Vent (submarine)

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The vents of the Redoutable are under the casing. The square openings in the casing are limber holes to facilitate draining the superstructure.

In submarine technology a vent is a valve fitted to the top of a submarine's ballast tanks to let air escape from the top of the ballast tank and be replaced by water entering through the opening(s) called "flood ports" or "floods" at the bottom of the tank. In earlier times, the openings at the bottom of the ballast tank were fitted with valves known as Kingston valves. These valves were eliminated in the U.S. Navy between the World Wars.

When on the surface a submarine's ballast tanks are filled with air which gives the vessel its buoyancy and in order for the submarine to submerge water is taken into the ballast tanks through the flood ports at the bottom of the tanks, effacing this excess buoyancy. As the ballast tanks contain air when on the surface it is necessary to allow this air to escape, so that water may then enter the tanks, and this air is allowed to escape via the opened vents in the top of the ballast tanks.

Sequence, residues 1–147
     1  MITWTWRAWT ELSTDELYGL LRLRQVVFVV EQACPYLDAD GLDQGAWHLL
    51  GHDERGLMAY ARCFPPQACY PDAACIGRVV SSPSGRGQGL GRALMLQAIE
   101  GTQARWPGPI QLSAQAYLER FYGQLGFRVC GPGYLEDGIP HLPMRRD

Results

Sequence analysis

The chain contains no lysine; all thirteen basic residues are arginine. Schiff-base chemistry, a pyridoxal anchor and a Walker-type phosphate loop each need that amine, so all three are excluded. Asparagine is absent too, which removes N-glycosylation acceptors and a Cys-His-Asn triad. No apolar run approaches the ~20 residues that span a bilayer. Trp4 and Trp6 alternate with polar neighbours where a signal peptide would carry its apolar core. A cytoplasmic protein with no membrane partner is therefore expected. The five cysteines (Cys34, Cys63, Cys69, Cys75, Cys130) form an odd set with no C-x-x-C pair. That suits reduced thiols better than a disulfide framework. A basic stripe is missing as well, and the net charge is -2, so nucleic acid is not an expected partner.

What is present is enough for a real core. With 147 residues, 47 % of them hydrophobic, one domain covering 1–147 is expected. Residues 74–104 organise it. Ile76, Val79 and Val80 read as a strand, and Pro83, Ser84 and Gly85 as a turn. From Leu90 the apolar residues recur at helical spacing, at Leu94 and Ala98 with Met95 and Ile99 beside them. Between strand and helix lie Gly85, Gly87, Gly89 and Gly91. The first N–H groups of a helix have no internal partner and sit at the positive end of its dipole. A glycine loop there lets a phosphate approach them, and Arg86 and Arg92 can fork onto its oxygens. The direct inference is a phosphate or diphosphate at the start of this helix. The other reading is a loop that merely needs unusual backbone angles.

The vents which are used to allow water to enter the submarine's main ballast tanks when it submerges are the main vents and it is air escaping though these that accounts for the spray sometimes seen when submarines dive.

To get a submarine to surface, the main vents in the top of the tank are closed and high-pressure compressed air is blown into the ballast tanks, forcing the water out through the flood ports at the bottom of the tank. This increases the vessel's displacement. When the weight of the displaced water becomes greater than the weight of the vessel, buoyancy becomes positive, and the submarine begins to rise.

Once on the surface, in order to conserve supplies of compressed air, a lower-pressure compressor is then used to remove the remainder of the water from the tanks.

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